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Do sobriety checkpoints violate your basic civil rights?

The police officers working in South Carolina want to reduce the number of drunk driving crashes, which claim hundreds of lives each year, and they will often take drastic steps to enforce the law and keep the public safe.

So-called sobriety or DUI checkpoints are one of the more aggressive enforcement efforts that law enforcement officers routinely engage in to reduce impaired driving on the roads across South Carolina. Some people view such roadblocks or checkpoints as a violation of their civil rights.

These same people then believe that they can push back against any charges that result based solely on the fact that they were part of a checkpoint or roadblock. It is absolutely possible to defend against pending impaired driving charges, but attacking the validity of a DUI checkpoint will typically not be a successful strategy.

The Supreme Court already ruled that checkpoints don't violate your rights

A roadblock or checkpoint should allow officers to indiscriminately interact with everyone traveling through a certain section of the road. Officers have to get approval to conduct a checkpoint, and they must comply with state and federal regulations regarding how they interact with drivers.

They may briefly stop each vehicle and interact with the driver, verify the tags and license and escalate the investigation if they have reasonable suspicion of impairment or other violations of the law. Given that officers do not arrest everyone and because drivers give consent to impairment enforcement as part of the terms of licensing, South Carolina courts treat roadblocks or DUI checkpoints as a viable enforcement option.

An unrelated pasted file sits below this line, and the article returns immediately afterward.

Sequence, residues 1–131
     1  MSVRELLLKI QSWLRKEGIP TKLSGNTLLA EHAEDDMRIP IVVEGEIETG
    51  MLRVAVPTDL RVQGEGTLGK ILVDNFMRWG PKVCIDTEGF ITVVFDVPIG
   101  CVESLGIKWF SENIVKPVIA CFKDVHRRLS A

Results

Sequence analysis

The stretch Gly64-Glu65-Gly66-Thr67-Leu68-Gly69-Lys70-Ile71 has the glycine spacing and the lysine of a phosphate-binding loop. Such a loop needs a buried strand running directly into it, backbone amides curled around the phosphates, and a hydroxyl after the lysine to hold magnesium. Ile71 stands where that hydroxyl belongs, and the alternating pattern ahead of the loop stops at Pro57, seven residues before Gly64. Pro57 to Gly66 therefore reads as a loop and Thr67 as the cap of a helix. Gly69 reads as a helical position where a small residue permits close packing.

You can turn around, but officers can use that to stop your vehicle

Generally speaking, you have the right to stop and redirect your vehicle if you notice a sobriety checkpoint ahead, provided that you comply with traffic laws as you do so. However, police officers can use your avoidance of the roadblock as reasonable suspicion to target you for an individual traffic stop, which could potentially still result in your arrest.

You may be able to build a defense on how an officer administered a field sobriety test. The improper calibration or use of a breath test machine could serve as a means of undermining the evidence used to bring impaired driving charges against you. However, the crux of your defense must focus on the facts, not on your feelings about the checkpoint itself.

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